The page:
• No, because each time you apply the additional discount, the base becomes smaller. Directly applying a 35% discount would result in a final price of \$260.

\$260 ≠ \$273.60

The net decimal equivalent
• To find the net decimal equivalent of a trade discount series:
• Find the net decimal equivalent: multiply the decimal form of the complement of each trade discount rate in a series.
• Multiply the list price by the net decimal equivalent.
Look at this example
• Find the net price of an order with a list price of \$800 and a trade discount series of 20/10/5.
• Find the complement of each of the trade discount rates.
• They are 0.80, 0.90 and 0.95. Multiply them together.
• The net decimal equivalent is 0.684
• Apply the net decimal equivalent to the list price.
• NP = 0.684 x \$800 = \$547.20
Try these examples
• A tool set lists for \$325 and has a trade discount series of 20/10/10. Find the net price.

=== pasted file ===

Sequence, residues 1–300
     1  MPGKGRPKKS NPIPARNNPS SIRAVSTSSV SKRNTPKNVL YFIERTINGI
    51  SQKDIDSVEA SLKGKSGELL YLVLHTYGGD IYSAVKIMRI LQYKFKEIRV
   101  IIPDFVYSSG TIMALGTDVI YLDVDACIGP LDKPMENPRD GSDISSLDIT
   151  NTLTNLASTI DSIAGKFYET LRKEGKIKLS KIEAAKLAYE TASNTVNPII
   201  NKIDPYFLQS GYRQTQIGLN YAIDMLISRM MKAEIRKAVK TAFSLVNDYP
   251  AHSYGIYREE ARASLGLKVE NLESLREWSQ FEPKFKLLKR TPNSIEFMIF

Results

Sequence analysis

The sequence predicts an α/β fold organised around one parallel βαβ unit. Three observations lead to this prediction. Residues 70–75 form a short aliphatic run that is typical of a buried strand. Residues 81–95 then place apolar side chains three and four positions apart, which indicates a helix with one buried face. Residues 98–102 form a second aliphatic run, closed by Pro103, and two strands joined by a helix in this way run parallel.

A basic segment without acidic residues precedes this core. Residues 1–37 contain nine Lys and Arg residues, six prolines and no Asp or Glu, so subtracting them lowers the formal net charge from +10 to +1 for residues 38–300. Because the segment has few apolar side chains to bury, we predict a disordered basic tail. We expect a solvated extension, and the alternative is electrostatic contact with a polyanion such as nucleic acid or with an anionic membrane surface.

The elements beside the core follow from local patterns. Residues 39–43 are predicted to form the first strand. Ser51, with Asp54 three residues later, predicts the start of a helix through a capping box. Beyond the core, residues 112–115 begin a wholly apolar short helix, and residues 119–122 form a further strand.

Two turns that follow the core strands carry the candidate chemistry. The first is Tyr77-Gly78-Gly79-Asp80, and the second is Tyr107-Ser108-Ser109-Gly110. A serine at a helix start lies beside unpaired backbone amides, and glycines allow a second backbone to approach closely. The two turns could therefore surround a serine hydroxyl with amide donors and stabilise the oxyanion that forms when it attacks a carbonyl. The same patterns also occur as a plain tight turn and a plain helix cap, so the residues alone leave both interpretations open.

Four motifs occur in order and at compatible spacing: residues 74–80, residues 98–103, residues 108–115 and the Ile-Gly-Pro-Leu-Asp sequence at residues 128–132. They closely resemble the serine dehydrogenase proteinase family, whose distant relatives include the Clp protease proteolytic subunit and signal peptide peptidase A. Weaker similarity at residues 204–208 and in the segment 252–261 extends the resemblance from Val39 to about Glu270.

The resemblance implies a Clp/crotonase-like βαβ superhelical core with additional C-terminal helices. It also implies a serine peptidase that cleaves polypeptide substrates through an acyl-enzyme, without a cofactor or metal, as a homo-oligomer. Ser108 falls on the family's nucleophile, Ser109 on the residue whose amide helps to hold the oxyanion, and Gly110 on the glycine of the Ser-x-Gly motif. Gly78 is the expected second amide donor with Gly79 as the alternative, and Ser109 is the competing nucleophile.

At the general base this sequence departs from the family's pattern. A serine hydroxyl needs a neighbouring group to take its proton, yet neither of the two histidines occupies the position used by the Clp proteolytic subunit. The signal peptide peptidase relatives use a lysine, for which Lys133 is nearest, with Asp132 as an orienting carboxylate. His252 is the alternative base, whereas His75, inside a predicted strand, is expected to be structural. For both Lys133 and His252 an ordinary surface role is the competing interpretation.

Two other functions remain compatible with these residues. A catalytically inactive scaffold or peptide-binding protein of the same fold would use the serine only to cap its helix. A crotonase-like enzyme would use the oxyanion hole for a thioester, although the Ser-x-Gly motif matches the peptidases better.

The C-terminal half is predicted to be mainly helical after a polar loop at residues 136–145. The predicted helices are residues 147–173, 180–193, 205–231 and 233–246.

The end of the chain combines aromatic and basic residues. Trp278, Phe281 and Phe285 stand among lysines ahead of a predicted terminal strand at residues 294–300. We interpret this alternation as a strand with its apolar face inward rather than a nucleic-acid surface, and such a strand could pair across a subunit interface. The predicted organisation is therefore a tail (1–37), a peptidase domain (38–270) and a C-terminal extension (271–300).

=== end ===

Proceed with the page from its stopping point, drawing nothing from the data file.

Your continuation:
• \$210.60
• A dress shirt lists for \$125 and has a trade discount series of 15/10/7.5. Find the net price.
• \$88.45
8.2.2 Find the Trade Discount

To find the trade discount by applying a trade discount series and using the single discount equivalent:

• Find the single discount equivalent by subtracting the net decimal equivalent from “1.”
• Multiply the list price by the single discount equivalent.

TD = single discount equivalent x list price

Key Terms
• Single discount equivalent: the complement of the net decimal equivalent. It is the decimal equivalent of a single discount rate that is equal to the series of discount rates.
• Total amount of a series of discounts = single discount equivalent x list price
• Net amount you pay = net decimal equivalent x list price
Look at this example
• Use the single discount equivalent to calculate the trade discount on a \$3,200 lawn tractor with a discount series of 30/20/10.
• Find the net decimal equivalent by multiplying the complements of each discount rate. 0.70 x 0.80 x 0.90 = 0.504
• To find the single discount equivalent, subtract the net decimal equivalent from “1.”
Look at this example (continued)
• Subtract the net decimal equivalent (0.504) from “1” to find the single discount equivalent.
• The result is 0.496 (or 49.6%).
• The single discount equivalent is 0.496; apply it to the price of \$3,200.